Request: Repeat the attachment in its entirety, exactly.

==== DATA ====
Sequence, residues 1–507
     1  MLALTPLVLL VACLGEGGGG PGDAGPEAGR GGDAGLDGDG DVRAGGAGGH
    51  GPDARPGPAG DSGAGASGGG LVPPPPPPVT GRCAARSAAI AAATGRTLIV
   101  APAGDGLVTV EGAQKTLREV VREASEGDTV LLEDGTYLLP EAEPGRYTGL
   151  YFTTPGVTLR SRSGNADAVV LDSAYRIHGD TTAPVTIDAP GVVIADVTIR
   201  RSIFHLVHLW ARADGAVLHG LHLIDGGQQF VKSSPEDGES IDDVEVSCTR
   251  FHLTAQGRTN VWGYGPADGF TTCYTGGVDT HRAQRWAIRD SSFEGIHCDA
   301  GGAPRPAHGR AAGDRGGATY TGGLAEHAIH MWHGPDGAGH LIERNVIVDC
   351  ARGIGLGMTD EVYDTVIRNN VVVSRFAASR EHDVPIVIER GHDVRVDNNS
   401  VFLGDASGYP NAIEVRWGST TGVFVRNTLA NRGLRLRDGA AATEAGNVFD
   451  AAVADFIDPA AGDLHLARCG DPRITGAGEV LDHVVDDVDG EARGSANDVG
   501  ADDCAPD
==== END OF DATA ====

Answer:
Sequence, residues 1–507
     1  MLALTPLVLL VACLGEGGGG PGDAGPEAGR GGDAGLDGDG DVRAGGAGGH
    51  GPDARPGPAG DSGAGASGGG LVPPPPPPVT GRCAARSAAI AAATGRTLIV
   101  APAGDGLVTV EGAQKTLREV VREASEGDTV LLEDGTYLLP EAEPGRYTGL
   151  YFTTPGVTLR SRSGNADAVV LDSAYRIHGD TTAPVTIDAP GVVIADVTIR
   201  RSIFHLVHLW ARADGAVLHG LHLIDGGQQF VKSSPEDGES IDDVEVSCTR
   251  FHLTAQGRTN VWGYGPADGF TTCYTGGVDT HRAQRWAIRD SSFEGIHCDA
   301  GGAPRPAHGR AAGDRGGATY TGGLAEHAIH MWHGPDGAGH LIERNVIVDC
   351  ARGIGLGMTD EVYDTVIRNN VVVSRFAASR EHDVPIVIER GHDVRVDNNS
   401  VFLGDASGYP NAIEVRWGST TGVFVRNTLA NRGLRLRDGA AATEAGNVFD
   451  AAVADFIDPA AGDLHLARCG DPRITGAGEV LDHVVDDVDG EARGSANDVG
   501  ADDCAPD